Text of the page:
Elsewhere.
Search.
Lives.

Reads.

« Back in Vienna. | Main | Making food. »
Monday
Sep122016

From apples to juice.

Last weekend I harvested every single apple in my garden and then we went and had them all juiced! 

We weren´t sure whether we had the minimum quantity of 100 kg of apples so we joined forces with a neighbor/friend who, as a plus, has the cutest yellow (!) pick-up truck. We needn´t have worried because we actually had a little over 100 kgs ourselves, but it was a lovely little excursion this way. 

The place where we had the apples juiced was new to all of us (this place) and we were really happy with the experience. This is the juicing machine which apparently was developed by the owner. Juicing apples is a side business for them and the whole family is helping out.   

The apples are sorted, washed...

... shredded and pressed. 

What remains. 

The juice is pasteurized (i.e. heated for a short amount of time) and then filled into those plastic bags which get to live in cardboard boxes for stability. Honestly I´d have preferred bottles (because pretty) but nobody does bottles anymore in our region and actually I can see the appeal of those boxes. 5 litres in one box, easy to store, nothing to break. The cardboard boxes can be re-used. All in all a pretty good solution I think!

So in the end, we got 75 litres of apple juice! I am delighted. It´s not super cheap but still at least half the price of what you´d pay for a decent organic apple juice. And it´s such a good way to use all those apples which would otherwise go to waste. Since the juicing machine is mobile and can be "rented", we´re already planning a big apple juicing party in our village next year! No more sad abandoned apples in this village´s garden! Yay.

PrintView Printer Friendly Version

EmailEmail Article to Friend

Reader Comments (14)

When you rent the juicer next year you will be able to put the juice into bottles! What a good idea to do this, I love that nothing goes to waste....and that truck is super cute!

September 12, 2016 | Unregistered CommenterHelen

That is an excellent idea! Once it is pasteurized, is it shelf stable? Or, does it need to be frozen?

September 13, 2016 | Unregistered CommenterVanessa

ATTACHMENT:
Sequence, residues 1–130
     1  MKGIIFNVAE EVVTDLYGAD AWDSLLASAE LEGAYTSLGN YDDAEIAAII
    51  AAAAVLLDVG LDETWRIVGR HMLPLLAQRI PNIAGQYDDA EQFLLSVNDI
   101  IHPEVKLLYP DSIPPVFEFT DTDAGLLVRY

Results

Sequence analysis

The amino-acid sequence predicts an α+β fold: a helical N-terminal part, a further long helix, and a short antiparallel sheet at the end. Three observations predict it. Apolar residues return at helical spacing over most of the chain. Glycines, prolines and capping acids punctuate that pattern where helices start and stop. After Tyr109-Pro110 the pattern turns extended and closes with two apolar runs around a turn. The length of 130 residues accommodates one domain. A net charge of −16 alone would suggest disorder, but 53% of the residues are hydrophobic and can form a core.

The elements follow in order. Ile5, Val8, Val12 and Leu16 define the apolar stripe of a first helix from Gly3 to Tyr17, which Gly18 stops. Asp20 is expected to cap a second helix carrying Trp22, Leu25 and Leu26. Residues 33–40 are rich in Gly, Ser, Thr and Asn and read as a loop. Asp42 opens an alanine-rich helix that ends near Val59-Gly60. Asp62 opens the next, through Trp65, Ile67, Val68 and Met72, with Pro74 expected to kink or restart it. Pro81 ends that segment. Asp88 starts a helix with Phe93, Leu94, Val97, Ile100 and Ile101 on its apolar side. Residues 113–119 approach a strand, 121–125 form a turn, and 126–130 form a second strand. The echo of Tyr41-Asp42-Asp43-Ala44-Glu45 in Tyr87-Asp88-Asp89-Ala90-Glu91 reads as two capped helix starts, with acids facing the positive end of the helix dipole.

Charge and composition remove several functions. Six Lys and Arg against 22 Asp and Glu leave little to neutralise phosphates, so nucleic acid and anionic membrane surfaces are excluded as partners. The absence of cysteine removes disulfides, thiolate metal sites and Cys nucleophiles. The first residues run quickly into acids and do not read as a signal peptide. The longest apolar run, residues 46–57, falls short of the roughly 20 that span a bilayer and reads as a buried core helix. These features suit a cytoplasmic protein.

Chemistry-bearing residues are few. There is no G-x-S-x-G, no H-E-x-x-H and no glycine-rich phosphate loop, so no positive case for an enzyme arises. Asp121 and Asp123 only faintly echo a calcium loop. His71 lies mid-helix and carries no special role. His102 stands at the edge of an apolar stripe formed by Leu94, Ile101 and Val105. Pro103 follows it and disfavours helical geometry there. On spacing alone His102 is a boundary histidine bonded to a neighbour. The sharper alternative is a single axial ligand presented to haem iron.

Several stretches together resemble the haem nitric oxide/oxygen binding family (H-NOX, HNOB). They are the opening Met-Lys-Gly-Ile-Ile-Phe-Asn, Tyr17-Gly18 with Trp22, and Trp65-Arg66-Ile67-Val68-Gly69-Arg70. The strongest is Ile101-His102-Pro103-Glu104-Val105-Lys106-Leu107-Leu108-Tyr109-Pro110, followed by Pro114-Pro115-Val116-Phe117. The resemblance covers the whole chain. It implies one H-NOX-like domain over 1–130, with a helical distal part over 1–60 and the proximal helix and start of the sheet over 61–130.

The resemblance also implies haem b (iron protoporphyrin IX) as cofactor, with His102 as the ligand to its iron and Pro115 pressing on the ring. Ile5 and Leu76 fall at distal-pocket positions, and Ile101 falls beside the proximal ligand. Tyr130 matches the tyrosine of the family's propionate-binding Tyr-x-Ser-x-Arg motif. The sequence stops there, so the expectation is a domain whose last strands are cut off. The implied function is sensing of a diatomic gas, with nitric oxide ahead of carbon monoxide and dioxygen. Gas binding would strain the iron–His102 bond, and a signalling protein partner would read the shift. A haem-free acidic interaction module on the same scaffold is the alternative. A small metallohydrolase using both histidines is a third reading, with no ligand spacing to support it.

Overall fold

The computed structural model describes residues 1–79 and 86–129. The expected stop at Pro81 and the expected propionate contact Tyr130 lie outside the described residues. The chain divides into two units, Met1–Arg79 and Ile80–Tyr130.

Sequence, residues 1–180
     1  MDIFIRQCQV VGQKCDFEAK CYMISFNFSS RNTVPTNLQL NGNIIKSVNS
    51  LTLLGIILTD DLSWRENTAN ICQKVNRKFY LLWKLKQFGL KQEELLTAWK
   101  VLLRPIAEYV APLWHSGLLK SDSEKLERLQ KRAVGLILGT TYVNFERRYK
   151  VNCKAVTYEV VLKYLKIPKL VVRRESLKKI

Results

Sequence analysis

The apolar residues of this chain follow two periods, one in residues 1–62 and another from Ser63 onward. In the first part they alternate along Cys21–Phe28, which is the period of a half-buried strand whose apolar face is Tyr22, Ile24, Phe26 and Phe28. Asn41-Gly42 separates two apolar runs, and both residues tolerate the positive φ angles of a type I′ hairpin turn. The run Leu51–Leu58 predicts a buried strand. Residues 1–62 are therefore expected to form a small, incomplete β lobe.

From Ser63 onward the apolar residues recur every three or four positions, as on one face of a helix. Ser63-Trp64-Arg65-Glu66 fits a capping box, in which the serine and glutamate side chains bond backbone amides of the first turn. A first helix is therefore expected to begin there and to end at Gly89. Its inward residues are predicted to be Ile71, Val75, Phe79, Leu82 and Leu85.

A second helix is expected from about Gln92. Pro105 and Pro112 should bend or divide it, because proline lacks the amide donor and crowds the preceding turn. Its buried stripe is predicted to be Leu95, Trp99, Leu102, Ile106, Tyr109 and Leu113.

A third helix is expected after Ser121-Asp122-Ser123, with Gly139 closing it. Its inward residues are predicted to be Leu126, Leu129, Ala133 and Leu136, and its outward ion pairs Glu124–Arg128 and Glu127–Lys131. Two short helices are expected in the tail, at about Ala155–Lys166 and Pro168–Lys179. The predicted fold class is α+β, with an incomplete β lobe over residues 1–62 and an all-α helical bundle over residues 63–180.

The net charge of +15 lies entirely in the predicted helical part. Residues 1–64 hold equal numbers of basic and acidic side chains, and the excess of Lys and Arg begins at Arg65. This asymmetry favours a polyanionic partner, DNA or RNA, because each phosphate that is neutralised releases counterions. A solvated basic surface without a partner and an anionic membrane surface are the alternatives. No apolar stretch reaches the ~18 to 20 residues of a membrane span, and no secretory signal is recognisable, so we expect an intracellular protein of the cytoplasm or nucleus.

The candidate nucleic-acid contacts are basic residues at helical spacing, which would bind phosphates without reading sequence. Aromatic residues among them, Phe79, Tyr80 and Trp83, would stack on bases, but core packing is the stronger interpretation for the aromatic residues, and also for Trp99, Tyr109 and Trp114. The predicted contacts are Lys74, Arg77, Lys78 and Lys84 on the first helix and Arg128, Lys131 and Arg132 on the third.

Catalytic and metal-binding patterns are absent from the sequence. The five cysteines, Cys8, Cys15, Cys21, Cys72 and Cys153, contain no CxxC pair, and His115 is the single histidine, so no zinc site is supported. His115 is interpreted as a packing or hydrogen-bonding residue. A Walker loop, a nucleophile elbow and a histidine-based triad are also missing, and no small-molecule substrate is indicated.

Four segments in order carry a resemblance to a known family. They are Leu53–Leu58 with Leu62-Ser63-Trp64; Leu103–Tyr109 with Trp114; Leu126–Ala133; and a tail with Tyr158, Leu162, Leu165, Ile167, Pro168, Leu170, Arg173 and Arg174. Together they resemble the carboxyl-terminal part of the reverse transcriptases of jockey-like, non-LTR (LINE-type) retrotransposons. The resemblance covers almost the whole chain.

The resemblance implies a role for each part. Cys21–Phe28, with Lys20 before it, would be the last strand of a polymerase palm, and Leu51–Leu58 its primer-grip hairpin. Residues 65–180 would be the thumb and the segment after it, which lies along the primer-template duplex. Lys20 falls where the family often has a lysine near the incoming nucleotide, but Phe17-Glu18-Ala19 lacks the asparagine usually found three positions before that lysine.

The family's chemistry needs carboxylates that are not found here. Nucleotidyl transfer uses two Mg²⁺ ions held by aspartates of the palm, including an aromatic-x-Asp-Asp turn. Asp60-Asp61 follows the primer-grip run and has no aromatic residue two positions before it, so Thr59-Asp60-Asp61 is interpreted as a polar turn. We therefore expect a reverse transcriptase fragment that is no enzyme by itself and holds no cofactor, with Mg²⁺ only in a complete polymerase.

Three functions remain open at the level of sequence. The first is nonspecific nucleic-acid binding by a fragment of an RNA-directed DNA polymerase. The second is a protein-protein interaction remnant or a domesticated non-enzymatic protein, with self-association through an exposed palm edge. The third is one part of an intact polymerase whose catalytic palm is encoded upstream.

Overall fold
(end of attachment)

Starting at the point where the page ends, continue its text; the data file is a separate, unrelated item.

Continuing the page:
Hallo!
Oh, ich kann mcih noch gut erinnern, als es in unserem Ort noch die Mosterei gab und Oma und Opa und später der Papa Äpfel dorthin gebracht haben. Und sogern hab ich den Süßmost getrunken (und trinke ihn immernoch gern), dem vergorenen Most kann ich nichts abgewinnen. Apfelsaft im herkömmlichen Sinne ist auch gut, aber Süßmost war schon immer ein Highlight!
Und das man das jetzt mobil mieten kann, find ich ja auch klasse :D

Liebe Grüße,
Linda

September 13, 2016 | Unregistered CommenterLinda

I will come to your juicing party next year!

September 13, 2016 | Unregistered CommenterGiulia

What a great idea I ind;t know of anywhere you can do that here. So good to know you are drinking your own produce. Do you take home what remains for compost or would that be just messy? That is a very cute truck

September 14, 2016 | Unregistered CommenterSally

Wonderful! Wish there was such a way to make juice around here where I live.

September 14, 2016 | Unregistered CommenterAngela

Das ist ja super! Ich bringe das gleich für das Dorf ins Gespräch. Danke dir für den tollen Tipp!

September 14, 2016 | Unregistered Commenterannton

was für ein erlebnis!! wow - herrlich bestimmt auch fein im winter als 'glühmost'

September 14, 2016 | Unregistered CommenterSusanne

Another wonderful post, and very topical for me as the house we have fallen in love with in the country has a little orchard with perry pears, heritage variety apples, cherries, greengages, medlars etc and the current owners have the apples pressed for juice and the pears pressed for cider (perry). They said they would give us the contact details of the people that press them if we are lucky enough to get the house - I would be just as excited as you, I completely understand! Let us know how it tastes!

September 14, 2016 | Unregistered CommenterJayne

What do they do with the leftover crushed apples? Compost? or animal feed?

September 14, 2016 | Unregistered CommenterJoanne

Very impressive with your apple juice. One thing to think of next year when you want to use all the apples left lying around, a lot of birds and other animals will definitely appreciate if some of the apples are left for them to feed on during the winter months. Waxwings, blackbirds and mistle thrushes all eat left fruit.

September 16, 2016 | Unregistered CommenterHelle

It's amazing to see a bit of the process from fruit on tree to juice in the carton. I love these cooperative ventures. My sister and her family collect sap from their maple trees and bring it to farmer with a boiling tank, it then gets put in with all the other sap and reduced to syrup. They take home syrup based on how much sap they brought. They used to have a little operation themselves, but after it burned down, they started doing this and they love the ease of it.

September 17, 2016 | Unregistered CommenterFloramac

OK - that is the coolest thing ever! What a fun time and a great way to celebrate autumn and APPLES.

September 18, 2016 | Unregistered CommenterKathrine A

Fabulous story – all those beautiful apples. Love the yellow truck. And all that pure juice from your own trees and nothing's been added. What a great life!

September 22, 2016 | Unregistered CommenterJane (in Sydney)

PostPost a New Comment

Enter your information below to add a new comment.
Author Email (optional):
Author URL (optional):
Post:
 
Some HTML allowed: <a href="" title=""> <abbr title=""> <acronym title=""> <b> <blockquote cite=""> <code> <em> <i> <strike> <strong>